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Harris goes where few men have gone before in this graphic, candid tell-all.

Journalist Harris (The Rise and Fall of Gay Culture, 1997) dons the drag, turning the hermetic Daniel—bookish, reserved, aging—into the cyber-whore Denial.

Talk about taking your midlife crisis seriously. Harris is not a transvestite or a cross-dresser, just “a shameless opportunist indulging in a fantasy rampant among gay men”: that straight men are sexier than gay men—more robust, more macho—and that they make ideal mates. “When one is taught from birth that gay men are morally reprehensible, diseased pariahs, child molesters, one may not want to select one’s Prince Charming from abominations of the same ilk,” he explains. Vanity is another motive. Harris realizes that he has lost his physical allure; he’s in his 40s, balding. As Denial, he has a stab at a sexual renaissance. With the help of the Internet, his method for meeting men, he’ll get all the sex he wants (and then some); along the way he’ll meet misguided nice guys, psychopaths and losers. The sexual act itself, incidentally, is “as unimportant to [him] as taking a shower.” The best material comes when this “high Solomonic priestess of the pillow” listens closely and dispenses advice to the lonely souls who have made it to his bed. He recalls one john who feels so good after their encounter that the man promises to propose to his girlfriend as soon as he gets home that night. (Harris is happy to have helped.) Throughout, he gains insights regarding sex and class (the poor are more likely to tell him gallant lies, for instance); feels the sting of being in the closet (all of cyberspace feels like a closet); and learns a lot about himself (being a woman brought out the man in him).

Harris goes where few men have gone before in this graphic, candid tell-all.

Pub Date: Sept. 1, 2005

ISBN: 0-7867-1516-2

Page Count: 280

Publisher: N/A

Review Posted Online: May 19, 2010

Kirkus Reviews Issue: June 15, 2005

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The author's youthfulness helps to assure the inevitable comparison with the Anne Frank diary although over and above the...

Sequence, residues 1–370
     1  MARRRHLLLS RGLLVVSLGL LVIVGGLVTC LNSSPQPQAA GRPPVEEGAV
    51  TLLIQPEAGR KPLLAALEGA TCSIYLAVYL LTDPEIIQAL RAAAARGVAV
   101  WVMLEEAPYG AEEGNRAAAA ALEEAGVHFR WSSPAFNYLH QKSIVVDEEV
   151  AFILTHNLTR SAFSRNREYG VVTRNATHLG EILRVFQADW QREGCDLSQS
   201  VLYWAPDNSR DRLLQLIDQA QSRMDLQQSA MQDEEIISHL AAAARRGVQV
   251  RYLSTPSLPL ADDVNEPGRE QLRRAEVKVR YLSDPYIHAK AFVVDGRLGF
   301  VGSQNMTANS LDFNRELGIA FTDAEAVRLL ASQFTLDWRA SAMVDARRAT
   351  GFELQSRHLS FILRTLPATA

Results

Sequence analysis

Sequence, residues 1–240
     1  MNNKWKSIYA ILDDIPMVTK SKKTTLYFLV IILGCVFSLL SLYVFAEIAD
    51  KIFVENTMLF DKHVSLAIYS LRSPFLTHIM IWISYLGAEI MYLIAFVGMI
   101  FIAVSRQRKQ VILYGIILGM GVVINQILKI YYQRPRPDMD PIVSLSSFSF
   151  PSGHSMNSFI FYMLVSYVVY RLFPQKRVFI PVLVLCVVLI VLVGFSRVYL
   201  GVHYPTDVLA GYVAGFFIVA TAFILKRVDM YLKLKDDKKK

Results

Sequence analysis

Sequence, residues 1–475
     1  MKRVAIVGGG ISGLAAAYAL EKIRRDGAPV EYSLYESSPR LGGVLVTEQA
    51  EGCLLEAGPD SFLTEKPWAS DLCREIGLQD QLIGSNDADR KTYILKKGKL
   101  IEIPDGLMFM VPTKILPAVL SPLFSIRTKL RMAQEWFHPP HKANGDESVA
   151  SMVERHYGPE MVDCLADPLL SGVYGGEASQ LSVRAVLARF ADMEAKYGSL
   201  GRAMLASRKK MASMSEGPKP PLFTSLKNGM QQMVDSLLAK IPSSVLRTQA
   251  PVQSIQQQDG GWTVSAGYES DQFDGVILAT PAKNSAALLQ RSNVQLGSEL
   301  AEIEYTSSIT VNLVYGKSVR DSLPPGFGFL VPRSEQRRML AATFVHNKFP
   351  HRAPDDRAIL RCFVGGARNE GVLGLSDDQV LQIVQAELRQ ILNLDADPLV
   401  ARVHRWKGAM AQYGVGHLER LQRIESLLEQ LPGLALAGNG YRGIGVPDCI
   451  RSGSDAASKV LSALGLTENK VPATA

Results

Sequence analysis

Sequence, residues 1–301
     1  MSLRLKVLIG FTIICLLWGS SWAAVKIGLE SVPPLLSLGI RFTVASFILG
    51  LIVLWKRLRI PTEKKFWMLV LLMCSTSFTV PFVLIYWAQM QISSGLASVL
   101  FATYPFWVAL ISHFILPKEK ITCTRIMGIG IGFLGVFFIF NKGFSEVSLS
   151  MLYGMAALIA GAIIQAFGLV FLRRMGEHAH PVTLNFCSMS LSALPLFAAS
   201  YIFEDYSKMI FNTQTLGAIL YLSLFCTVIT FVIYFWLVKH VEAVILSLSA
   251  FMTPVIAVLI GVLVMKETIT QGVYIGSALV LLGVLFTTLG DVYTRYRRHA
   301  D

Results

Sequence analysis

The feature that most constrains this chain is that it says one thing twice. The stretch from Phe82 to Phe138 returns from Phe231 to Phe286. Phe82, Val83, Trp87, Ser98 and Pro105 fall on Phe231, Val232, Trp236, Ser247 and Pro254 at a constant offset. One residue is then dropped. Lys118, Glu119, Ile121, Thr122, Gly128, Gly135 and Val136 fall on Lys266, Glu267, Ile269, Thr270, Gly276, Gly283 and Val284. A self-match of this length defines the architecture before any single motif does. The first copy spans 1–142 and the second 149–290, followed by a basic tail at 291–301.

Elie Wiesel spent his early years in a small Transylvanian town as one of four children. 

He was the only one of the family to survive what Francois Maurois, in his introduction, calls the "human holocaust" of the persecution of the Jews, which began with the restrictions, the singularization of the yellow star, the enclosure within the ghetto, and went on to the mass deportations to the ovens of Auschwitz and Buchenwald. There are unforgettable and horrifying scenes here in this spare and sombre memoir of this experience of the hanging of a child, of his first farewell with his father who leaves him an inheritance of a knife and a spoon, and of his last goodbye at Buchenwald his father's corpse is already cold let alone the long months of survival under unconscionable conditions. 

The author's youthfulness helps to assure the inevitable comparison with the Anne Frank diary although over and above the sphere of suffering shared, and in this case extended to the death march itself, there is no spiritual or emotional legacy here to offset any reader reluctance.

Pub Date: Jan. 16, 2006

ISBN: 0374500010

Page Count: 120

Publisher: Hill & Wang

Review Posted Online: Oct. 7, 2011

Kirkus Reviews Issue: Jan. 15, 2006

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Well-told and admonitory.

Young-rags-to-mature-riches memoir by broker and motivational speaker Gardner.

Born and raised in the Milwaukee ghetto, the author pulled himself up from considerable disadvantage. He was fatherless, and his adored mother wasn’t always around; once, as a child, he spied her at a family funeral accompanied by a prison guard. When beautiful, evanescent Moms was there, Chris also had to deal with Freddie “I ain’t your goddamn daddy!” Triplett, one of the meanest stepfathers in recent literature. Chris did “the dozens” with the homies, boosted a bit and in the course of youthful adventure was raped. His heroes were Miles Davis, James Brown and Muhammad Ali. Meanwhile, at the behest of Moms, he developed a fondness for reading. He joined the Navy and became a medic (preparing badass Marines for proctology), and a proficient lab technician. Moving up in San Francisco, married and then divorced, he sold medical supplies. He was recruited as a trainee at Dean Witter just around the time he became a homeless single father. All his belongings in a shopping cart, Gardner sometimes slept with his young son at the office (apparently undiscovered by the night cleaning crew). The two also frequently bedded down in a public restroom. After Gardner’s talents were finally appreciated by the firm of Bear Stearns, his American Dream became real. He got the cool duds, hot car and fine ladies so coveted from afar back in the day. He even had a meeting with Nelson Mandela. Through it all, he remained a prideful parent. His own no-daddy blues are gone now.

Well-told and admonitory.

Pub Date: June 1, 2006

ISBN: 0-06-074486-3

Page Count: 320

Publisher: Amistad/HarperCollins

Review Posted Online: May 19, 2010

Kirkus Reviews Issue: March 15, 2006

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